Also, I think it’s recognized that we may need to re-evaluate, if not reconsider, some of the traditional ways we’ve done things. Healthcare is constantly evolving and changing – and the challenges being what they are with payers, volumes, throughput and other things, I think that’s going to push us to change outside of our area. comfort. That is exactly what has happened here, and across the country, in response to the pandemic. People found new ways of doing things, worked as a team, and were very flexible in the work that was done.

And I think with all the pressures in health care, and all the things that are going on in the United States regarding access to health care — the social determinants of care and all kinds of disruptors in the marketplace — we are going to have to deal with this even more.

You mentioned recruitment and retention. Are there any other challenges that you have been able to identify?

Generally speaking, the patients we see have complex and often multiple conditions. I have heard that a lot. Where we had ups and downs in terms of patient volume that we saw over the year, we don’t see as much anymore. And that creates different challenges for us in terms of personnel and resources. It is clear to me that our employees are not afraid to work hard, but as leaders we must support our teams and work to remove any obstacles they may face. And just as important to listen to their ideas and concerns and communicate frequently and transparently.

Thus, 2022 will be the start of another process of redefining Magnet.

There has already been a lot of work going on. Our Magnet application document will be due in fall 2022. Magnet will review it and ensure that we have answered the questions fully and appropriately. Once they feel that we have met these requirements, they will plan the site visit, sometime in 2023. It seems like a long way, but there is already a lot of work behind the scenes with all the data that needs to be done. be collected and the different stories we write.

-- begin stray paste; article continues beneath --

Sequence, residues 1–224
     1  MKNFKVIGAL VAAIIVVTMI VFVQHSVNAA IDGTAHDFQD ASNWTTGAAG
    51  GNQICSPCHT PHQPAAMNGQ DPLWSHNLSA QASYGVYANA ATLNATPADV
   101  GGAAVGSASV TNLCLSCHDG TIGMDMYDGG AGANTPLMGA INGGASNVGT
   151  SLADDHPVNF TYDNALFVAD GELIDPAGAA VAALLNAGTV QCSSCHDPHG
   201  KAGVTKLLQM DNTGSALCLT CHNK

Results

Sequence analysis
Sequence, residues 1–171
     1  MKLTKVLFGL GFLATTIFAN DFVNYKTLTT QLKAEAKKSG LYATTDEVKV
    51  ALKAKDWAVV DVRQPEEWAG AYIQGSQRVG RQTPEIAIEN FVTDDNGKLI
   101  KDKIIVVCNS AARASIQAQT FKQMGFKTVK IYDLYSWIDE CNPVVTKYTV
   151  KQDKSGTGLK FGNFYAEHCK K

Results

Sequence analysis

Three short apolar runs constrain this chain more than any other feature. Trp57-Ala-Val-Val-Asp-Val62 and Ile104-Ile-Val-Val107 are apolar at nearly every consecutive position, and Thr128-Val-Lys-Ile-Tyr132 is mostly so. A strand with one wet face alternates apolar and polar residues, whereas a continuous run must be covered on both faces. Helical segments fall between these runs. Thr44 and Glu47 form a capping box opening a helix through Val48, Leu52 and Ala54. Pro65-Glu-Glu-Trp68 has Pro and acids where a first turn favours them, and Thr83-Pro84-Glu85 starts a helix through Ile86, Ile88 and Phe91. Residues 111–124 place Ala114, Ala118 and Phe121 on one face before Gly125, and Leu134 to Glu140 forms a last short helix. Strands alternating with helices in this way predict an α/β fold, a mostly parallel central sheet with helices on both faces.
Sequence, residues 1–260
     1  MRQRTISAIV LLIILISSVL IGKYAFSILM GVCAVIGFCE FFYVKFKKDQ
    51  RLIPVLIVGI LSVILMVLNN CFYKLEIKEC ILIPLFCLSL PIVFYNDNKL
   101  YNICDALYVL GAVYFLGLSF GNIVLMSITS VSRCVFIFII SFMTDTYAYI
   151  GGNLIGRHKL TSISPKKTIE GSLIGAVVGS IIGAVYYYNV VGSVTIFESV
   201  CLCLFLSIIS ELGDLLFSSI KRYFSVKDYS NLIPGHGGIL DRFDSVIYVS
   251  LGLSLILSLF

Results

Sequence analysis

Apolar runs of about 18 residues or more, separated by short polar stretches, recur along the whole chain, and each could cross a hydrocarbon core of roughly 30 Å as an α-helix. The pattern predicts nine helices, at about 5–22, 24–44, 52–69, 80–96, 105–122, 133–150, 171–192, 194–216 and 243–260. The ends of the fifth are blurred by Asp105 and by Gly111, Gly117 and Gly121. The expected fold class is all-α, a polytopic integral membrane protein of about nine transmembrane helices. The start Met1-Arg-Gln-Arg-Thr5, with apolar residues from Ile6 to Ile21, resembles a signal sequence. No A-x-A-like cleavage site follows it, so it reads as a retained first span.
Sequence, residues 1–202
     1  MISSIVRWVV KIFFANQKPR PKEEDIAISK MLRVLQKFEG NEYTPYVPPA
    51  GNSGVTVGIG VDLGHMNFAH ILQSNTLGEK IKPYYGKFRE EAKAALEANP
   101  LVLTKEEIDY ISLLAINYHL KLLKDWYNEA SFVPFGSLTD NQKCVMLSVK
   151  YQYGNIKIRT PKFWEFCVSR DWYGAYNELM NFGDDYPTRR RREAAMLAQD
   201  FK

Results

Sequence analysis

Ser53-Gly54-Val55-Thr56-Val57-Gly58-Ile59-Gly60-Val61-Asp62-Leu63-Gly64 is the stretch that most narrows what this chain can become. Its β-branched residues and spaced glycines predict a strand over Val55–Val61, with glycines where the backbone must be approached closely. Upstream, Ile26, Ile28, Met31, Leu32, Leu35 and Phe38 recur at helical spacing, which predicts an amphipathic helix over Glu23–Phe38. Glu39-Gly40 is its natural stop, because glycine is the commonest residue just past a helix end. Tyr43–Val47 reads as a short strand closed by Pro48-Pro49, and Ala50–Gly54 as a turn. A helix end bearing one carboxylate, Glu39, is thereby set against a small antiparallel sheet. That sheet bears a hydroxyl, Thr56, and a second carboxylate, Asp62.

As you know, Magnet has certain standards that we have to meet, and we have to show how we meet them: adequacy of our resources, accessibility of our leadership, and other things. What we do to improve quality, safety and the patient experience. It takes a lot of work, but we have some really good people involved. As we move forward, we will seek to involve even more nurses, so more to come.

In my experience, nurses appreciate the Magnet process because you have the opportunity to shine. You can tell surveyors about the great things you are doing. We will also be sending some of our nurses to the Magnet conference in November, and this is a great opportunity to meet and speak with nurses from other Magnet hospitals who recently participated in the survey process. That in itself is affirmative as long as you can see how you stack up against your peers. And a lot of times you see presentations and talk to people, and you end up thinking, “Wow. We are already doing it. You see for yourself just how advanced our nurses are here in their nursing practice and what they are doing to improve patient care.

Final thoughts?

I look forward to getting to know and working with everyone. I trust our people and all the great things that are happening here. And there is so much more we were going to be able to do together.

Also, I want our staff to know that I am accessible. I am Kim. I have a husband, I have a son. I have a dog (laughs). And I’m really happy to be here.

Helen L. Cuellar